Blog Archives: June, 2006
Last night I attended the International Freedom Festival Fireworks over the Detroit River in downtown Windsor. The last time I was at the fireworks was at the latest 1997, so it’s been a while coming. The fireworks are truly amazing, and put every other fireworks show I’ve ever seen to shame. The show is usually between 30 and 40 minutes long (though last night’s was slightly short at 26 minutes), and features three barges in the middle of the river launching fireworks in synchrony. We sat along the river right in front of the Cleary, so we benefited from having the booms of the fireworks echoing off the buildings behind us. Although the weather was perfect in the evening, the rain earlier in the day probably caused fewer people to come downtown for the fireworks, so the crowd probably didn’t reach its regular 1 million people. An excellent start to the long weekend, and early wish to readers: Happy Canada Day!
The Ontario Government has just announced an initiative to terrorize young children in northern Ontario by forcing them to eat carrots. The plan calls for the government to provide fresh fruits and vegetables, including apples and carrot sticks, to elementary schools in northern Ontario. While I’m all for supplying fresh fruits and vegetables to children, I think it reprehensible that the government should push carrots onto innocent kids. Are there no vegetables more revolting than carrots (except perhaps eggplant and brussel sprouts)? Truly shameful. I apologize in advance for using such a shocking picture in this post, but I think it’s important to realize the true scope of this contemptuous act.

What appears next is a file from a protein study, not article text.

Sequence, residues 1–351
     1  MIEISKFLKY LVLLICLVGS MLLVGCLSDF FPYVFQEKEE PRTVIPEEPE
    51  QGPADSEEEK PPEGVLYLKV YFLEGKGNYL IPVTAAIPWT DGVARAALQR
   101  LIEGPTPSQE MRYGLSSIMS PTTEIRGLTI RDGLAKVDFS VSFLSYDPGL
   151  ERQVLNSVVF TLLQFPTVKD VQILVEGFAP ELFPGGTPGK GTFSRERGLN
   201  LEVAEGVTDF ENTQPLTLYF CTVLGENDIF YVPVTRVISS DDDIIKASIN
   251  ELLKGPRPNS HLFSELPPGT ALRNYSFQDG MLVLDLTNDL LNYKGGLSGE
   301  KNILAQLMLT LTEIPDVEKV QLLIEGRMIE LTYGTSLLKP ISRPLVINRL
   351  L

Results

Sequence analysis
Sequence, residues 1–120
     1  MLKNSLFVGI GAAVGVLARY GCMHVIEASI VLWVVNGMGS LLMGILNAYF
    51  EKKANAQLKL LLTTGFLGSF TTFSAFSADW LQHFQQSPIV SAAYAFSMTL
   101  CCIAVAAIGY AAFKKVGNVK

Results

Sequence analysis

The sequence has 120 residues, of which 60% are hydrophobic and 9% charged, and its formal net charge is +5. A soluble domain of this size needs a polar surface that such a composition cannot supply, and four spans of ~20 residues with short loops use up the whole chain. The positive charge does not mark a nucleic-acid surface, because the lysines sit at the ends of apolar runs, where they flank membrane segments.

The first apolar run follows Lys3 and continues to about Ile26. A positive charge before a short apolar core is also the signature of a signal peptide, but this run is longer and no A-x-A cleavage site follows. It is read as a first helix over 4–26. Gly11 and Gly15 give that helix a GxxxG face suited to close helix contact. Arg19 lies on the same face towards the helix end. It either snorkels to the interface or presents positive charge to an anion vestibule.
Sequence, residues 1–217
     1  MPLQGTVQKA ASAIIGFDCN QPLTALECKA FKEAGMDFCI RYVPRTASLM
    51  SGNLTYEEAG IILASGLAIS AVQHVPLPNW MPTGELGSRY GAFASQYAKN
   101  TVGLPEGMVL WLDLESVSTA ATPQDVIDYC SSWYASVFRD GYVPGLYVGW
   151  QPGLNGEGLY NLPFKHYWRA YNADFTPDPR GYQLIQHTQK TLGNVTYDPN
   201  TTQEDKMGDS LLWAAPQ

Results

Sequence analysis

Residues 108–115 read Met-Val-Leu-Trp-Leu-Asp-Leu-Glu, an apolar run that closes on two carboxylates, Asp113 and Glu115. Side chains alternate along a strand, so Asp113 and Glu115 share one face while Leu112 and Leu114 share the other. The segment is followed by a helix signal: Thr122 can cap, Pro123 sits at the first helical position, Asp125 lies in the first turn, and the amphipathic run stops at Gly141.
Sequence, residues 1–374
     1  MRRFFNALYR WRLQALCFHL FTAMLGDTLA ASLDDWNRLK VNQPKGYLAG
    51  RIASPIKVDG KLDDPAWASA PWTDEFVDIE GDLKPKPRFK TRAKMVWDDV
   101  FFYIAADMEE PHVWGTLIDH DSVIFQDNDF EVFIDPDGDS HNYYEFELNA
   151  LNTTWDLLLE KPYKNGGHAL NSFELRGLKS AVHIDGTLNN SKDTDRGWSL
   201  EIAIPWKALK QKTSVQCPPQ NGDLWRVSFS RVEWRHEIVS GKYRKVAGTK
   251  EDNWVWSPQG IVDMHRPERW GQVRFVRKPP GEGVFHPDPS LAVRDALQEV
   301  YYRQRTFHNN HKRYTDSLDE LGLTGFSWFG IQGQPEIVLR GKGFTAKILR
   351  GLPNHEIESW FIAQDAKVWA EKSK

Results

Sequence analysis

(In case you don’t know, I hate carrots. For many years I thought I didn’t like vegetables in general, and didn’t realize until university that that wasn’t true. I just didn’t like carrots, and carrots are the prototypical vegetable. When people say “Eat your vegetables” they usually mean “Here, have some horrible carrots and eat them or you won’t get dessert”. Carrots. Blegh.)